As the Drummer celebrates its 50th year of publication, the world has spun out of control
Healthy populations of every country in the world have fallen ill and over 400,000 have died from a unique coronavirus that swept out of China and spread exponentially within weeks. The world went into lockdown, hospitals were overwhelmed by COVID-19 patients. A booming world-wide economy collapsed.
As that crisis seemed to abate and allow some return of normalcy, the violent death of a black man at the hands of police officers drove thousands into the streets in protest. What started on a street corner in a mid-western U.S. city quickly spread worldwide and re-opened racial conversations that had lain dormant for too long.
Granby responded to the needs of townspeople affected by the pandemic and immediately began to address the racial inequalities within our town.
In 1970, Granby was focused on passing a referendum to fund long-needed additions and improvements to the high school. Advocates of the plan and its financing created the Drummer to provide a forum and source of information for future town issues.
However, the events unfolding in the rest of the country and the world couldn’t be ignored. The country was still mourning the Rev. Martin Luther King and Robert Kennedy. Racial unrest still simmered but it was wartime and the country was consumed with the internally divisive Viet Nam war. In the 50 intervening years, much has changed but much has not. The 2010s will be remembered for historic events, the unprecedented rise of social media, political and cultural changes, COVID-19 and perhaps a long overdue racial reckoning.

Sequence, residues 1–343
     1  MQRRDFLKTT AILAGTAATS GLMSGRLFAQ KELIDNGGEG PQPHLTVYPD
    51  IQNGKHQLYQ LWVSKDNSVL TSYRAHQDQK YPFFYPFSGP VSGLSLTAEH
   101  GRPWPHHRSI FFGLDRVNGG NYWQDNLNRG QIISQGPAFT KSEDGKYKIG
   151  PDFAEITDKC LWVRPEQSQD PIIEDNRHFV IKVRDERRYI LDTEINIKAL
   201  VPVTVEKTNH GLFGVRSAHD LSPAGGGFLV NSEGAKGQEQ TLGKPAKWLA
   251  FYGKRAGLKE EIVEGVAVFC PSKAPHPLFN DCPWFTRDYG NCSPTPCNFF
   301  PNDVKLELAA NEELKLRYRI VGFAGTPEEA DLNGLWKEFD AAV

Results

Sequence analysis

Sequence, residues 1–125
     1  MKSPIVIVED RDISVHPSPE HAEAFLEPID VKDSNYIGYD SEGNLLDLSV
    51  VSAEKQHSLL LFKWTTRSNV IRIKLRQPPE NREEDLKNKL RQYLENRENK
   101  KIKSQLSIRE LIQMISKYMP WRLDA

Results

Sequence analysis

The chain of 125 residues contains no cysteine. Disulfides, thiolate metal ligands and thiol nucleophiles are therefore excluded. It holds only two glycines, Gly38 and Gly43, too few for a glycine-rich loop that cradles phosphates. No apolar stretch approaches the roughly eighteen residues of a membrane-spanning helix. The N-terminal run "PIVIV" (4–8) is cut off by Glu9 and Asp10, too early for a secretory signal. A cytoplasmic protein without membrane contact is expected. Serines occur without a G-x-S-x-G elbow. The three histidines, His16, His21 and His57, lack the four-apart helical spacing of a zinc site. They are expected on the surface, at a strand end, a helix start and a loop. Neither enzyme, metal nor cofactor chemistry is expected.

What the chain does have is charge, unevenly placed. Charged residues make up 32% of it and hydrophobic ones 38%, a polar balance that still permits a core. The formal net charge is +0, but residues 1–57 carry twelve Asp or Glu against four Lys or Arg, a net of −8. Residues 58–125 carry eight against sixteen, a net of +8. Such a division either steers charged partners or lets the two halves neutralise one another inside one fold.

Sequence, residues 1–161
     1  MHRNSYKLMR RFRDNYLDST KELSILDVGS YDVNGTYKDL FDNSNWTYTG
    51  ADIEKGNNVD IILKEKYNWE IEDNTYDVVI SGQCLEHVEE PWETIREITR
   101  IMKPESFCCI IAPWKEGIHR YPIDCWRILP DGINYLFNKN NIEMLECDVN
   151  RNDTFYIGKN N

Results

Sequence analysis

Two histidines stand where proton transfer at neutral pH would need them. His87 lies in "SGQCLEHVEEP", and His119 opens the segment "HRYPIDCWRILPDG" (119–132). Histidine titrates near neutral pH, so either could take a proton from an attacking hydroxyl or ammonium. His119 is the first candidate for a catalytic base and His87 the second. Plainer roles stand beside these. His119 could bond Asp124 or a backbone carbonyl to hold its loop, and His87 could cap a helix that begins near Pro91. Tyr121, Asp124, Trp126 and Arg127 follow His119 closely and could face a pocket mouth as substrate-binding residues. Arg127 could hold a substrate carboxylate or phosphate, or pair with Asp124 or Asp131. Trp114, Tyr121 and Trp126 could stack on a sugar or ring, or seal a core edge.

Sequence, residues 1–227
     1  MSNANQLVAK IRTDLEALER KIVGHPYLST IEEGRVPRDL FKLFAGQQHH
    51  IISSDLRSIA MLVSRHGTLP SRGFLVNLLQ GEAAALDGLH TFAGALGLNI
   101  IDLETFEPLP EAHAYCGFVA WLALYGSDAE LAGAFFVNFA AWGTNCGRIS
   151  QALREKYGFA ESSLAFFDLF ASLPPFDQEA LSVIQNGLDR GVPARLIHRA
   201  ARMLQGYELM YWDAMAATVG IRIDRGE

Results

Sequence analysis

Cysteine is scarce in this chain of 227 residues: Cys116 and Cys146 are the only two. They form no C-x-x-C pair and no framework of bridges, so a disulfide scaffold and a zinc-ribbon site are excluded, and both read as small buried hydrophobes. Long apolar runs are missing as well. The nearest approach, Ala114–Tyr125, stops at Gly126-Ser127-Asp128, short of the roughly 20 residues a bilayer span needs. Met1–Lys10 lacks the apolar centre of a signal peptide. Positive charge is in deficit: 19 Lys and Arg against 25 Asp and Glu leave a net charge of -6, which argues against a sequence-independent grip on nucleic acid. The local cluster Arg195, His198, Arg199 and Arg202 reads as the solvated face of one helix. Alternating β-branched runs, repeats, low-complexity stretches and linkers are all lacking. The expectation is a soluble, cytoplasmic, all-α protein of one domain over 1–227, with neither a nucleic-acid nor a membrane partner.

The Drummer continued to publish Granby news through it all. Fireworks for the 225th Anniversary, a Halloween snowstorm that ground the region to a halt, a forgone-conclusion Selectmens’ race contested by petitioning candidates, and differing opinions on state road projects at Five Points and the center intersections.
To top it all off, this 50th year of publishing ends right back where it started—on the dining room tables of the volunteer editors and staff. Of course, it’s with computers not Selectric typewriters. The wonders of advanced internet connectivity have made the publication of the last three issues possible. We thank the all-volunteer staff and contributors, the community, advertisers, our printer and the USPS for their contributions to make it happen. We’ll be back in September. Have a summer filled with family fun and lots of fresh air.